It’s a style that has persisted to the present day, with many British publishing houses using single quotation marks; British newspapers and magazines tend to use double quotes, however. And in the United States, double quotes are standard.
In English, if single quotation marks are standard, a quote-within-a-quote takes double marks; if double marks are used, the nested quote takes single marks. (Other languages vary in their approach to nested quotations—some simply repeat the same style of quotation mark; some switch to single marks; and some switch between guillemets and commas.)
The only problem for the British single quotation mark is that the closing quote is identical to the apostrophe, a punctuation mark used to signal either possession or omitted letters. But it’s usually pretty clear from context whether the reader has encountered a closing quote or an apostrophe.
So all was well … until the invention of the typewriter. The English keyboard economized on keys by using the same character for opening and closing quotes—symmetrical vertical strokes that came as single or double options, with the single quote doing double duty as an apostrophe.
These symmetrical quotation marks (called “straight quotes”) had never existed until they were invented to address the mechanical limitations of the typewriter. They carried over into the limited ASCII character set used by teletypes and early computers, and are still a standard feature of computer keyboards today, long after the mechanical and digital limitations that led to their creation have gone.
So—it’s a little awkward to insert proper opening and closing quotation marks when all you’ve got on your keyboard is straight quotes. I’m typing this with straight quotes at the moment, but you should be seeing proper opening and closing double quotation marks when you look at this web page. The web software I’m using is automatically converting the straight quotes I’m typing into what computer guys call “smart quotes”—actually just standard quotation marks, the only smart thing about them being that the software is working out whether to use an opening or closing quote according to the position in the text.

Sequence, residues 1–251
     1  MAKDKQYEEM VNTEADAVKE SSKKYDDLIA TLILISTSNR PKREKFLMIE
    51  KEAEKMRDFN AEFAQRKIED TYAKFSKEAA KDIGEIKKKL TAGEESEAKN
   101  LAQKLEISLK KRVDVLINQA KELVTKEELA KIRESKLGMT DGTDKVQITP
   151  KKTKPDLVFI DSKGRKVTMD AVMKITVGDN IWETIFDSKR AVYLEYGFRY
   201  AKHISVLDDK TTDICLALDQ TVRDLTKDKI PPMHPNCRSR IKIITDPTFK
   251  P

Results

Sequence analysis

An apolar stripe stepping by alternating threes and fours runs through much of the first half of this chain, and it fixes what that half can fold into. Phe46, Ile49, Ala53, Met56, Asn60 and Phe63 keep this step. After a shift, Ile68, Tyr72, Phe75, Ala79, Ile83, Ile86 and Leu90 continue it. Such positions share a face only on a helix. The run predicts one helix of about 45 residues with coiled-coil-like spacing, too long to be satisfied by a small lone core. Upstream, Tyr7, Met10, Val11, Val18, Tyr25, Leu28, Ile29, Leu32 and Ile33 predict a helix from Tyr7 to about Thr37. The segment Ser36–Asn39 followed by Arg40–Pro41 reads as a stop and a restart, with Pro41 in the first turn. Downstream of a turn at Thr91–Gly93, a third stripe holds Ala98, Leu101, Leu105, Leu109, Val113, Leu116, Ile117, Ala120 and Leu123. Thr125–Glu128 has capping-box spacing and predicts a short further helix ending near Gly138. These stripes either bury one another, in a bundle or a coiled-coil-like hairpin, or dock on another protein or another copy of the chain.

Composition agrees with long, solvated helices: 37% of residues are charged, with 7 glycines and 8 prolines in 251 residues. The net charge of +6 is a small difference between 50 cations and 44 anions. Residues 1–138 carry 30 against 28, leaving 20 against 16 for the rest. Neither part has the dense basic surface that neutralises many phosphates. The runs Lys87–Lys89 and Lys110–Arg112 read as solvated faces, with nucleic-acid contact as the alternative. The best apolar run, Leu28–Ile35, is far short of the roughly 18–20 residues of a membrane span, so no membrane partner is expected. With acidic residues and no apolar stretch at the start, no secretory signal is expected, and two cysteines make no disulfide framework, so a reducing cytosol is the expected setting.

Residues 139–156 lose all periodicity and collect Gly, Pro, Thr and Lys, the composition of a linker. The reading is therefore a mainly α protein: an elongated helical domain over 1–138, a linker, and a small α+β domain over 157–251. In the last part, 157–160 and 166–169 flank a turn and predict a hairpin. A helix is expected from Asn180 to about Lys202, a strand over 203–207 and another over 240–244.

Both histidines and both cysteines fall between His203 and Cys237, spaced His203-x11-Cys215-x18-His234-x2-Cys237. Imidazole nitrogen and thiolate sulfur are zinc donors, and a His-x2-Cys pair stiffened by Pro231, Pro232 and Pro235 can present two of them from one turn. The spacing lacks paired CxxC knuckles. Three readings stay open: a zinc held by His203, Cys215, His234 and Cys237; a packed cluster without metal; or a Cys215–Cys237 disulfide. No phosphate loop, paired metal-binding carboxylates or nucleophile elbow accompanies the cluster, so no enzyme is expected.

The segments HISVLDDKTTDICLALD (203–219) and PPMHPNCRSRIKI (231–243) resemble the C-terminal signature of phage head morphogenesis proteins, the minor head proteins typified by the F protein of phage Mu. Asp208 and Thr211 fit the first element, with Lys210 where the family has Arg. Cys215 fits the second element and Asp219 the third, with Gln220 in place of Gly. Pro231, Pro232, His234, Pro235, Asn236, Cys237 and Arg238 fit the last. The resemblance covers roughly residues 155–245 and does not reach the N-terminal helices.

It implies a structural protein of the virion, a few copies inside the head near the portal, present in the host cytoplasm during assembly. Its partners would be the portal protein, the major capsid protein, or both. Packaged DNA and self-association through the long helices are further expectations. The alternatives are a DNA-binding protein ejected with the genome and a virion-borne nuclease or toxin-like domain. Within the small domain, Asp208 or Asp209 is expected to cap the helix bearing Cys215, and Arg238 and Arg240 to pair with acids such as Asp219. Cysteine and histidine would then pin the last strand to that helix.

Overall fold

Trouble is, the software can get it wrong. In particular, if it sees a single straight quotation mark preceded by a space, it figures it’s looking at an opening quotation mark, and converts accordingly. So when I type:
The software works out that I mean:
Unfortunately, if I write a word with an initial apostrophe:
The software may still try to give me an opening quotation mark:
And I’ll need to go back and edit the document to get the apostrophe I want:
Now, software’s getting smarter. My web software seems to have become smarter in the last year and a half—it’s messing up my apostrophes and quotation marks much less often than it used to, because it now seems to be able to recognize common words that start with apostrophes. Whereas my old Microsoft Office 2007 is utterly steadfast in its opposition to the concept of an initial apostrophe.
So that’s inconvenient. But it also seems to have convinced some people that initial apostrophes should look like inverted commas, which is a little worrying. I’ve read a couple of books recently, from small publishing houses, in which all the initial apostrophes were upside-down—either they’re doing no proof-reading at all, or they’re convinced that their publishing software knows better than they do.
This problem reached an apotheosis, of sorts, with the American television comedy series, ’Til Death.* First of all, the writers seem to have had a misapprehension that “till” is an abbreviation of “until”—it’s not; it’s a perfectly regular word in its own right, with centuries of usage behind it. So that was bad. But then they believed their Autoformat settings:
At least for the first two years:
* Even my web authoring software couldn’t cope with ’Til. You’re seeing the apostrophe the right way up because I edited the html code by hand.